Hans Scholl to Stuttgart

When I am asked when and at what opportunity I met Hans Scholl, I can make the following statement: Up till November 1942, I only knew that Hans Scholl studied medicine. I had never had a discussion with him to that point that would have allowed me to know his political attitude. …

I believe it was in November 1942 that Hans Scholl came to my office in Stuttgart completely unexpectedly. He did not come unannounced. He had called from Stuttgart to ask if he could speak to me.

A [male] medical student accompanied him at that time. He was introduced to me. I cannot recall his name. When I asked what Hans Scholl’s relationship was to the person who accompanied him, I was told that both had served on the front together. Hans Scholl told me that he had been furloughed to study medicine, and that it had not yet been decided whether his father would have to close his accounting practice.

Finally Hans Scholl started talking about the real reason for his visit. He alleged that the [male] students in Munich who were returning from the front were sick of the war. A test balloon [Note 1] called “The White Rose” had appeared or been published to turn these sentiments into deed. I cannot recall whether Hans Scholl or the person accompanying him said anything about being the author of this test balloon. Neither of them showed me a copy.

In this context, Hans Scholl said that he intended to visit all the universities in the Reich to determine the mood of the student bodies everywhere. Hans Scholl also said that among the student body in Munich, the slogan “Justice For All” had already found great resonance.

In any case, I could tell from his statements that Hans Scholl was toying with the idea of shortening the length of the war by force or instigating a putsch. When I asked what I personally had to do with this matter, Hans Scholl told me I did not need to do anything to participate, but that I should contribute money to their undertaking.

Without taking his request seriously, I half-jokingly asked Hans Scholl if he wanted me to reimburse him his train fare from Munich to Stuttgart. Hans Scholl replied that his coming had less to do with payment for the travel costs incurred. I asked Hans Scholl how much money I should give him. Hans Scholl did not reply.

To keep the conversation going, I then asked Scholl, do you maybe want 1000 Marks [$8,000] or 500 Marks [$4,000]? Scholl responded, “No, I don’t need that much. A smaller amount will suffice.

Hans Scholl probably could not tell from my intimations whether I was prepared to give him money. I must admit that I should have given Scholl a clear answer in this case. In this uncertain situation, Scholl preferred to leave my office with the remark that he would come visit me again later. Scholl justified this abrupt termination of our conversation by saying it was high time they got to the train station, because they had someplace else to go. As best as I can recall, Scholl wanted to come visit me again in about three weeks.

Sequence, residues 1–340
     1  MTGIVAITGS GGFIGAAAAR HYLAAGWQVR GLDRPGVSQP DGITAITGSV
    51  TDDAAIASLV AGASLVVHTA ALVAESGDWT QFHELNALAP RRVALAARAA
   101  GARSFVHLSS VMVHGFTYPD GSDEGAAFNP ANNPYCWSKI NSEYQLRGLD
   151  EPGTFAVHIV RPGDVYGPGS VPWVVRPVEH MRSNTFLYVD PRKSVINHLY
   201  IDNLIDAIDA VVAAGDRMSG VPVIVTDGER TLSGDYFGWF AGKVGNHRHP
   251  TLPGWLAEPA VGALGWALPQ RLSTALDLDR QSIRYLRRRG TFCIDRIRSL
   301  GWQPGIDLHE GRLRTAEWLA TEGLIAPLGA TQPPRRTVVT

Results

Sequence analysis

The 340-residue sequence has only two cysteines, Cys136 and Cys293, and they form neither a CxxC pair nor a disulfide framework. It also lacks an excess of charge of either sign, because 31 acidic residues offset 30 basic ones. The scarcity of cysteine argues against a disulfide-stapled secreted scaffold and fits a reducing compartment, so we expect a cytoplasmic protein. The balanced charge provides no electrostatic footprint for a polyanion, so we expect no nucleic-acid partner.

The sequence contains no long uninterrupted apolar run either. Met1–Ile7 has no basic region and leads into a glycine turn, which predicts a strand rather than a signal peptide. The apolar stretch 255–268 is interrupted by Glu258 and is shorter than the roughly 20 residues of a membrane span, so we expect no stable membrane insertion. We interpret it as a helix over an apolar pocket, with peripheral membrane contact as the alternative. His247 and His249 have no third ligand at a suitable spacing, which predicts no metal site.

I am being shown the photograph of Alexander Schmorell. This is the man who accompanied Hans Scholl during his first visit.

When the two of them had left my office, I decided that I would not donate any money to that kind of undertaking. However I must admit that I did not transmit my intentions to Scholl in any manner. I could not do so because I did not know Hans Scholl’s address. I did not even think about getting the address from Scholl’s parents, because I did not place much stock in the entire affair. …

[After remonstrance about the money issue:] Scholl’s first visit went as I described above. I must add that at that time, Scholl also asked me about people the mood in Stuttgart. In addition, I must correct my statement and say that I did not leave it up in the air regarding whether I would give Scholl money during his first visit. I therefore understand that that was the only reason Scholl visited me a second time. …

In any case, Scholl and the person accompanying him during the first visit did not make any clear statements about their actual plans or rather about the fact that they would be writing and distributing seditious pamphlets. The statements were not clear enough for me to view the entire matter as a seditious operation.

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Note 1: Aufklärungsschrift. Aufklärung is the military term for reconnaissance.

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Source: Initial interrogation of Eugen Grimminger, March 3, 1943

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